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TSA hopes Windows 10 upgrades will keep its systems safe for travelers

Windows Timeline

The United States Transportation Security Administration (TSA), and several other arms of the Department of Homeland Security (DHS), are in the midst of a transition to Windows 10, and the process is scheduled to be completed before the end of the year. TSA CIO Russel Roberts cited better security as part of the agency’s decision to migrate to Microsoft’s latest version of Windows.

“It should be a significant enhancement for the security,” Roberts said in an interview with Federal News Radio. “We are addressing the multiple tools to detect, monitor, and respond and that all ties into Windows 10. That will help us with the new computers and all the end points out there.”

The migration to Windows 10 started in 2016, and so far, it has been a smooth process. The operating system update coincides with the agency’s recent completion of a hardware upgrade of its laptops and desktops. Together, these upgrades help lower TSA’s cybersecurity risks, Roberts said.

Although TSA explored sleeker form factors for its hardware refresh, like thin clients, Roberts decided against drastic changes. Instead, he opted to maintain the same hardware form factors that the agency wanted replaced. New form factors may be explored again when the agency performs its next hardware refresh in three to five years.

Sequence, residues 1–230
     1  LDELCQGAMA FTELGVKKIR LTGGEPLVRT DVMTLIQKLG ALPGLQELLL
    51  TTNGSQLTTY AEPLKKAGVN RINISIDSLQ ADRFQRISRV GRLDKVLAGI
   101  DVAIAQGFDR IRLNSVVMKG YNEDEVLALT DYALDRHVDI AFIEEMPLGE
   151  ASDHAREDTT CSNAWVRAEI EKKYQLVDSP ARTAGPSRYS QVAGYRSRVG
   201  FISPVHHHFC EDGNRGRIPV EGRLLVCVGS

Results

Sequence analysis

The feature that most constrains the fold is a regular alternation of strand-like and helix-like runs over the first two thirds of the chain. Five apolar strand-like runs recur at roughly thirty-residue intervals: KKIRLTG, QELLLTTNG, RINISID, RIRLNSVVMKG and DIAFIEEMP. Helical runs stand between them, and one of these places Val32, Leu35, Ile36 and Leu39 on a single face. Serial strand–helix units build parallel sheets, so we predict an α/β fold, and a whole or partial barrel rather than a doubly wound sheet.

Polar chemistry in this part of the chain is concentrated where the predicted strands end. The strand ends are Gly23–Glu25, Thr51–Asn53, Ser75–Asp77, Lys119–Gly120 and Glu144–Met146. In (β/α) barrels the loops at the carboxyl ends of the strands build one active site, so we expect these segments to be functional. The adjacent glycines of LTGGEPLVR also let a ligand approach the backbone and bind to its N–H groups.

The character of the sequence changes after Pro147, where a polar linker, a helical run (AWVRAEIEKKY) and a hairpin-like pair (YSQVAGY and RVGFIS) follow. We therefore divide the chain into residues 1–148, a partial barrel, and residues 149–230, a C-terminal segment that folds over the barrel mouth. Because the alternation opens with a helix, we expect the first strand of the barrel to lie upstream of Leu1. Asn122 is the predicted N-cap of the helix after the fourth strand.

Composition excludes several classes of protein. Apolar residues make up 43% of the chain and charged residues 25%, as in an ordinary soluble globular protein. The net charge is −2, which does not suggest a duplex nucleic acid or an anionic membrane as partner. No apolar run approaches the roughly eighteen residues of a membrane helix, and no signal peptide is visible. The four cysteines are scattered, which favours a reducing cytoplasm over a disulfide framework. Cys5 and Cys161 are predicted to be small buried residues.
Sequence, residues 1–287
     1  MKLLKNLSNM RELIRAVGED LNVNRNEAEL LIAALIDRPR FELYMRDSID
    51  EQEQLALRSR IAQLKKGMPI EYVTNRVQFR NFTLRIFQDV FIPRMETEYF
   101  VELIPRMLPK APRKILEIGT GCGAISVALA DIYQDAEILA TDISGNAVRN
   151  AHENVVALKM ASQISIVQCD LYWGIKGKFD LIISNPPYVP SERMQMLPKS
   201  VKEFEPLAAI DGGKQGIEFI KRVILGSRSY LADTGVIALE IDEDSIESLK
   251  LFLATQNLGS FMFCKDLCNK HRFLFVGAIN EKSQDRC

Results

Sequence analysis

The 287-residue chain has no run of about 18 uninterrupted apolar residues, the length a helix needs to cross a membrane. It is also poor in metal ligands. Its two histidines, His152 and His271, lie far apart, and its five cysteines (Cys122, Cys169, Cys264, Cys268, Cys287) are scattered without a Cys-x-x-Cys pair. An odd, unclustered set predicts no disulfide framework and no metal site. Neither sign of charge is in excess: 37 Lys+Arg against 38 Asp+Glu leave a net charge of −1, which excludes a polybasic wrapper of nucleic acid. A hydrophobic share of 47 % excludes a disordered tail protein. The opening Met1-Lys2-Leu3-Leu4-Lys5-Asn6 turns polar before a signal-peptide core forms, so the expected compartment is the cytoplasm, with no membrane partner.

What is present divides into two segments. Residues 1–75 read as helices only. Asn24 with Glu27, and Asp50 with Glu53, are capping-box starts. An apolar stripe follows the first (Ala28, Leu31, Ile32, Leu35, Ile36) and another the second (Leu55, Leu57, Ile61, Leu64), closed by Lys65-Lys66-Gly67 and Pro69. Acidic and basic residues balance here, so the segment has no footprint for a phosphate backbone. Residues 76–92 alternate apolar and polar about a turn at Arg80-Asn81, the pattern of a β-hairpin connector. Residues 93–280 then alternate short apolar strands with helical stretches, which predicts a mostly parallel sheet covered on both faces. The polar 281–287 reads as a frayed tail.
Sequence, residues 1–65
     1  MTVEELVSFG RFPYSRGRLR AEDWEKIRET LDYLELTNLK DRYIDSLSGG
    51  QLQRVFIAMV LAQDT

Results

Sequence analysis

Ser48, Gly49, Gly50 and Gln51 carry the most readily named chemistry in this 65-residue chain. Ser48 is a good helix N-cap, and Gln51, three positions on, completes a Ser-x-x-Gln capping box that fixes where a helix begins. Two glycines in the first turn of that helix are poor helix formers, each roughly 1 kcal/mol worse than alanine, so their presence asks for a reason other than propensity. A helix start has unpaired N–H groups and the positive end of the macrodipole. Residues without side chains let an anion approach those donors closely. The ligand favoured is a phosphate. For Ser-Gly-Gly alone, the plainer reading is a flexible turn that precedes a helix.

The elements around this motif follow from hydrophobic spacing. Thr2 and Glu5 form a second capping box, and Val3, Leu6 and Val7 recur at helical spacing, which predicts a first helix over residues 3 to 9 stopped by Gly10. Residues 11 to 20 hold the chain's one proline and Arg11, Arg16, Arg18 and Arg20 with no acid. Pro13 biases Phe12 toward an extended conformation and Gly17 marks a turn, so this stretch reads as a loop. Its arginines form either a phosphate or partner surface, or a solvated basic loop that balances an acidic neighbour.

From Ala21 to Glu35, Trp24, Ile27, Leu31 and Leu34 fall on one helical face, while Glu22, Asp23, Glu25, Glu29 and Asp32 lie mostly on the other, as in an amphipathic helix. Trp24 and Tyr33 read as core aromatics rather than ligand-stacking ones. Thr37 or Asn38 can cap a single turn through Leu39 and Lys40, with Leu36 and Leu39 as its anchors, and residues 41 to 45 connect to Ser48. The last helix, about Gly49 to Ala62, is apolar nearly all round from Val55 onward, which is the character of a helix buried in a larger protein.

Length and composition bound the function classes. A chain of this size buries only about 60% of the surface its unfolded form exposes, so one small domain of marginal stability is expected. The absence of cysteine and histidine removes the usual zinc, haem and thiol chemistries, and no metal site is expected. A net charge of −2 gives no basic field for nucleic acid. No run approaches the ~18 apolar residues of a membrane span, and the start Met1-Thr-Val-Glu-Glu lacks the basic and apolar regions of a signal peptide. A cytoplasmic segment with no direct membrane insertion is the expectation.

When Microsoft launched Windows 10, it changed from a software license to a software-as-a-service, or SaaS, model, essentially turning its Windows business into a Windows-as-a-service platform. Windows 10’s SaaS model means that the operating system and the built-in antivirus tool are kept continuously updated by Microsoft. The TSA also wants to use the SaaS model for its custom software, like the air marshal scheduling program.

“My philosophy is to move the easy ones and move those into a SaaS tool,” Roberts said. “Then we could build some new ones that would allow us to shut down six or seven others. That is a little more challenging than it would seem on the surface.” In addition to Windows 10, Roberts is also looking at moving to Microsoft’s cloud-based Office 365 productivity suite.

TSA and DHS aren’t the only U.S. agencies that are switching to Windows 10. Prior to joining DHS as CIO, Dr. John Zangardi had helped the Department of Defense (DoD) upgrade as many as four million PCs to Windows 10. As part of DHS, the Federal Emergency Management Agency and Immigration and Customs Enforcement are also in the process of upgrading to Windows 10, Fed Tech Magazine reported, as is the United States Coast Guard.

In addition to the recent hardware upgrades, the agency also replaced its routers. Routers recently became a hot news topic after the FBI issued a warning for consumers to reset and reboot their devices to combat Russian hacking.

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